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P4 Investigating the role of protein S-glutathionylation in sFlt-1 regulation and preeclampsia phenotype
  1. Agathe Lermant,
  2. Claire Sneddon,
  3. Jack Hanna,
  4. Lukas Markwalder,
  5. Colin E Murdoch
  1. Systems Medicine, School of Medicine, University of Dundee

Abstract

Background Elevation of the anti-angiogenic factor soluble Flt-1 (sFlt-1) is pivotal in the development of the preeclampsia phenotype of hypertension and kidney dysfunction during pregnancy. Likewise, oxidative stress is explicitly linked to preeclampsia with high levels measurable both in the placenta and maternal circulation. Yet antioxidant therapy has failed, in some cases worsening pregnancy outcomes. The underlying molecular mechanisms affected by redox signalling in preeclampsia remain unclear. Reactive oxygen/nitrogen species (RONS) form diverse oxidative post-translational modifications (ox-PTMs) on redox-sensitive cysteines thiols. Ox-PTMs can regulate intracellular signalling by either potentiating or inhibiting protein activity. One of these, S-glutathionylation is a common thiol modification enzymatically reversed by glutaredoxin (Glrx) and is important in transducing redox signalling in cardiovascular disease. Glrx expression is increased in preeclamptic patients. We aimed to investigate the role of Glrx in preeclampsia, combining physiological in vivo assessment with redox proteomic analysis and in vitro studies to identify the molecular basis for how thiol modification removal may contribute to pregnancy-induced vascular complications.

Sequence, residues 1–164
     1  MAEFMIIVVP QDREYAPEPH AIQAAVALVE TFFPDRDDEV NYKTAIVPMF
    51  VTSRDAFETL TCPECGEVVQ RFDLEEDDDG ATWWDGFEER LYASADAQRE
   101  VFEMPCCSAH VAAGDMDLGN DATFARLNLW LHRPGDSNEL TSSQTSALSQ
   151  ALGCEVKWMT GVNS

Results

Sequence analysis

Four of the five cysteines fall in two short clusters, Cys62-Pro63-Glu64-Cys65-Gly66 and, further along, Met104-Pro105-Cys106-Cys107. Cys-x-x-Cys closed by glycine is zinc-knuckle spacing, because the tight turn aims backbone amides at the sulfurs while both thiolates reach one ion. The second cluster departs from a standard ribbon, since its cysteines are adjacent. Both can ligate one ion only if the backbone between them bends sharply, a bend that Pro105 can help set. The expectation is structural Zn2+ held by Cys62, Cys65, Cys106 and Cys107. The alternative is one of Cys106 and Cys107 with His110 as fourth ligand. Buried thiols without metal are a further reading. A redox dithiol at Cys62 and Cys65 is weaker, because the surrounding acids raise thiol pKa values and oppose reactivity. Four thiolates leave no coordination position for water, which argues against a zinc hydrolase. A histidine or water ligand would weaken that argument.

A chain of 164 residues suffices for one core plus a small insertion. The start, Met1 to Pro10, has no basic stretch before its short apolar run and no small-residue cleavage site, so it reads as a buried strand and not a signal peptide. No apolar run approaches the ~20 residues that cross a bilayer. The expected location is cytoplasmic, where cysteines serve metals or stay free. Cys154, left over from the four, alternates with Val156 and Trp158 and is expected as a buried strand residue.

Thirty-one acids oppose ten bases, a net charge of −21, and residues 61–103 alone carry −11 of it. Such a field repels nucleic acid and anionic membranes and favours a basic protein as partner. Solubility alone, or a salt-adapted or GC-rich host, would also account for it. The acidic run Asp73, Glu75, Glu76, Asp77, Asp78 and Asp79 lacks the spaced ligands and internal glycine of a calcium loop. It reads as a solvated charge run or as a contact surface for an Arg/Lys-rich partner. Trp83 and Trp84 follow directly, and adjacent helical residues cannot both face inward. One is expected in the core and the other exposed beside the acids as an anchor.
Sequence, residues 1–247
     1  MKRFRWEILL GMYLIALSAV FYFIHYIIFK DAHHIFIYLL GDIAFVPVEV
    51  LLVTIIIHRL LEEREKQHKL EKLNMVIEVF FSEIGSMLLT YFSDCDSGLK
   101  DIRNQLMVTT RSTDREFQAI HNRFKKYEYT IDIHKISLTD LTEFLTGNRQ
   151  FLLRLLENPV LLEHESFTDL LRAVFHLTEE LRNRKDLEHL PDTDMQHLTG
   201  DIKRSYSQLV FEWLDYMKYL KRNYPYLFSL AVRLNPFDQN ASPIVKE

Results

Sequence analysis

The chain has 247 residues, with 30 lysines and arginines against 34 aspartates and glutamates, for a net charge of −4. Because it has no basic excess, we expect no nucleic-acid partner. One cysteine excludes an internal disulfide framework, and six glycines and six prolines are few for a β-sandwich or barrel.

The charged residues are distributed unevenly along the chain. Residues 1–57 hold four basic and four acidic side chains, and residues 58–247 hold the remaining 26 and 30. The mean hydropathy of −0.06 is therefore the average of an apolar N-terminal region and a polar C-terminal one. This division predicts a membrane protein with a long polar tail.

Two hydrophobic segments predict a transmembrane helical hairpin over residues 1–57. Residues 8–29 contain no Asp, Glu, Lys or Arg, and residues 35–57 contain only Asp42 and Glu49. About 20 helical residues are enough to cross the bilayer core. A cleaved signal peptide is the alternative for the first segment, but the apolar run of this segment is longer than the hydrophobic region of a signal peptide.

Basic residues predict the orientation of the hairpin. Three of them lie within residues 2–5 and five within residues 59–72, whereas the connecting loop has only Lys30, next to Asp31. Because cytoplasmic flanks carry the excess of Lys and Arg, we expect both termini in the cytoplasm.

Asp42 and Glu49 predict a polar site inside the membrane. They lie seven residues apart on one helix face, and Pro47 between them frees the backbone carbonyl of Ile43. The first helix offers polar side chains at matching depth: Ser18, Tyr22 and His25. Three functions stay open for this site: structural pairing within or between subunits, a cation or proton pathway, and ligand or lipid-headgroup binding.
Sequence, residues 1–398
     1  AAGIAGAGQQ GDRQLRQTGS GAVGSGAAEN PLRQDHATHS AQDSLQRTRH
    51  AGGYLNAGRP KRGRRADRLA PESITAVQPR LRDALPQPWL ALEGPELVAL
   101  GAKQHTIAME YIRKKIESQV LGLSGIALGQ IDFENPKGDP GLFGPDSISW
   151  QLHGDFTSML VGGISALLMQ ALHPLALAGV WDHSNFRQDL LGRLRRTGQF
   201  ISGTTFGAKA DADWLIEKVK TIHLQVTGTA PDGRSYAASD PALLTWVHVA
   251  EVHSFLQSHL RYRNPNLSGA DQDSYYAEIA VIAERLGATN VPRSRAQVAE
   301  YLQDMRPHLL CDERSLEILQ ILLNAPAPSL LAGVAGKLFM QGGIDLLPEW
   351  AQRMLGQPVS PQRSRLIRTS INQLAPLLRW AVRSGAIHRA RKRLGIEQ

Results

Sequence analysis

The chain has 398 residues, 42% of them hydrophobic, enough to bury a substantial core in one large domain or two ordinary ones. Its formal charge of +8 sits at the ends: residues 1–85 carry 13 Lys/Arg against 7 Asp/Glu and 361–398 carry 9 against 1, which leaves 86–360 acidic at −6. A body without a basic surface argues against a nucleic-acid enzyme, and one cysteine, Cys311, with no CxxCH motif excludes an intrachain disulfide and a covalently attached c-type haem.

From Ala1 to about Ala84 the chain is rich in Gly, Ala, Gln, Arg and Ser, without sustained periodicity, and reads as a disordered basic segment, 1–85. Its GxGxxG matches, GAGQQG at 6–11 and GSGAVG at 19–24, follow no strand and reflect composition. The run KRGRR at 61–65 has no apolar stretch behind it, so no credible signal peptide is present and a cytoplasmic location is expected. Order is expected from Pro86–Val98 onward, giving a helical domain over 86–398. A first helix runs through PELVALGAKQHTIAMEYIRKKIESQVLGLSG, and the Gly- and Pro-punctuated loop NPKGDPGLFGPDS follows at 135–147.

Results Overexpressing Glrx transgenic mice (TG) and littermate controls (WT) underwent timed pregnancy. During pregnancy, TG mice developed hypertension, kidney dysfunction and elevated plasma sFlt-1 compared to WT. Bioinformatics analysis identified several redox-sensitive targets directly relevant to preeclampsia and sFlt-1 regulation. In vitro studies investigated the effects of S-glutathionylation on protein activity in those targets, and consequences on sFlt-1 release. Of significance, S-glutathionylation removal was found to disrupt the spliceosome machinery consequently affecting Flt-1 splicing. Co-immunoprecipitation assays revealed that S-glutathionylation removal disrupted binding between spliceosome partners, promoting sFlt-1 release.

Conclusion These data support the proposed hypothesis that Glrx’s removal of oxPTMs regulates sFlt-1 expression which may promote the ‘preeclampsia phenotype’ of hypertension and kidney dysfunction. Further studies will need to assess impact of imbalance in redox homeostasis during pregnancy on longterm endothelial and cardiac function. This study highlights how iodo-tandem mass tag proteomics can be used to profile redox sensitive pathways and determine how oxPTMs regulate specific proteins to control angiogenic pathways.

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